DIY Dehydrated Eggs

Why DIY Dehydrated Eggs Is A Good Option

When looking for egg storage solutions, dehydrating eggs at home flies right past many people.  Eggs are one of the most nutritional and versatile foods around. From a remote homestead, to a backyard with a coop, they are easily accessible. Even without refrigeration they can last for weeks and still be edible. By refrigerating eggs that shelf life can be extended by several more weeks, maybe even a couple of months. For longer term storage some people freeze their eggs. By separating the whites and yolks, freezing them separately, eggs can last for up to 6 months. Still, for the long term Prepper that still isn’t an ideal situation. First off, freezing eggs is dependent on the electrical grid. If it goes down you loose refrigeration and the eggs that are dependent upon it. Secondly, 6 months just isn’t long enough. They are looking for solutions that will last for years and should try DIY Dehydrated Eggs.

Dehydrating eggs at home is an easy and viable solution for the Prepper looking for a that length of storage. Most people simply turn to a commercially available product such as those provided by Mountain House and Saratoga Farms. These freeze dried eggs have a shelf life of 30 years. They can be expensive though. For others, this is not an option because they do have their own flock which provide eggs for most of the year. Still, they are looking for a longer term solution as security against the loss of their flock and their egg laying capabilities. For people who can not afford freeze dried eggs or do have their own flocks and are looking to store their extra eggs, dehydrating eggs at home is a good solution.

There are two methods for dehydrating eggs at home.  One method calls for pan scrambling the eggs before dehydrating them.  The other calls for dehydrating beaten uncooked eggs.  After consideration, I rejected the first method.  The reason being that the only thing the first method yields when reconstituted is scrambled eggs.  They can not be used for baking which makes them much less versatile.  Read on to learn how to go about dehydrating eggs at home:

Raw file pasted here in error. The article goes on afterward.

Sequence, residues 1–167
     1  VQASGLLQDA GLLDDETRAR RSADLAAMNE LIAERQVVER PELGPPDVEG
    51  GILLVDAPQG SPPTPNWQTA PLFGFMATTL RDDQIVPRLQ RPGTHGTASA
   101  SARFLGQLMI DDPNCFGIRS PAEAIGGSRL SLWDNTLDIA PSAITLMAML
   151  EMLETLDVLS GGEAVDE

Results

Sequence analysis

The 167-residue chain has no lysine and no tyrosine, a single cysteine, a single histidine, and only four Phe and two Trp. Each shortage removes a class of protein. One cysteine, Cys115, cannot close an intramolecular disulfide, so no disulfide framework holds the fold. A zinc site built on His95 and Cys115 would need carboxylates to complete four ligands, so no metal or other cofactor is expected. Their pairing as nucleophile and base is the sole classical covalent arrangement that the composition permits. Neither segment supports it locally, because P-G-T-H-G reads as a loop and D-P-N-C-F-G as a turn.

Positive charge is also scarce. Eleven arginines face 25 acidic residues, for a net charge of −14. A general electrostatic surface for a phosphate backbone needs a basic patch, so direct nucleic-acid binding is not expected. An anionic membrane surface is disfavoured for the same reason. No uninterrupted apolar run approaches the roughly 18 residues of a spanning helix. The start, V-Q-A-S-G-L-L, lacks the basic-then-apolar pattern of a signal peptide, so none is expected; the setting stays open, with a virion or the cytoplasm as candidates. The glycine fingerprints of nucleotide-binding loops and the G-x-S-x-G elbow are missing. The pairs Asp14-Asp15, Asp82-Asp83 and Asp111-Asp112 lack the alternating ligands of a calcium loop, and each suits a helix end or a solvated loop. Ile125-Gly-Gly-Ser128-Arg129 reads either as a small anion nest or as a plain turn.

Dehydrating Eggs At Home – Step by Step

Dehydrating Eggs At Home You’ll  need the following:

  • Eggs
  • A Bowl
  • A Whisk
  • A Spatula
  • Dehydrator, with fruit leather trays (not shown)
  • Food Processor, blender or spice grinder (not shown)
  • Storage Container (not shown)
Step 1:  Break the eggs into the bowl.  Use the whisk to thoroughly beat the eggs.  The better you beat the eggs, the better the consistency of the final product.Step 2:  Pour the beaten eggs onto the dehydrator’s fruit leather trays.  In my NESCO Dehydrator, each tray will hold about 4 eggs.  You may have to experiment to see how much yours will hold.  Be sure to place the dehydrator where you are going to use it before filling the tray.  You do not want to move it with full trays or you’ll make a mess.  Additionally, make sure the dehydrator is level to keep your eggs from spilling.  Use the spatula to even out the eggs on the tray. Dehydrating Eggs At Home
 Dehydrating Eggs At Home Step 3:  Set the temperature to 135 degrees Fahrenheit, and dehydrate for 16 to 18 hours.  Once they are done they will form a thin crackled film on the trays.  The surface will also look oily but don’t let that alarm you as it is normal.Step 4:  Take the dehydrated eggs and place them in your food processor, blender, or spice grinder.  Use the pulse function to grind the eggs up into a fine power.  I used a food processor (shown left) to process mine and it did a good enough job but it seems like a spice grinder would be the ideal device for this process.  The color of the egg powder will be a deep yellow (seen below).
 Step 5:  Place the egg powder in an airtight container.  If you have any desiccant packages, you can drop them into the container as well to absorb the moisture.  These eggs should last for up to 5 years without refrigeration and even longer when if kept in the fridge or freezer. Dehydrating Eggs At Home
Dehydrating Eggs At Home

Using the dehydrated eggs

1 Tbsp of Dehydrated Eggs = 1 Egg
To reconstitute the eggs take 1 Tbsp of eggs and place it in a bowl.  Add 2 Tbsp of water to the bowl, and mix well.  Let the mixture sit for 5 to 10 minutes then whisk the eggs.  If you do not ensure the egg is thoroughly whisked, you will end up with a grainy texture in your cooked egg.  If done properly, there will be no difference in the cooked egg.  Seen left is a comparison of a dehydrated egg (on right) and a regular pan scrambled egg (on left).  Note: the color difference is just because I browned the dehydrated egg more than the regular egg.  On my first trial the DIY dehydrated eggs looked exactly like the regular egg. You can use the reconstituted egg for anything you would use a regularly whisked egg for, even baking.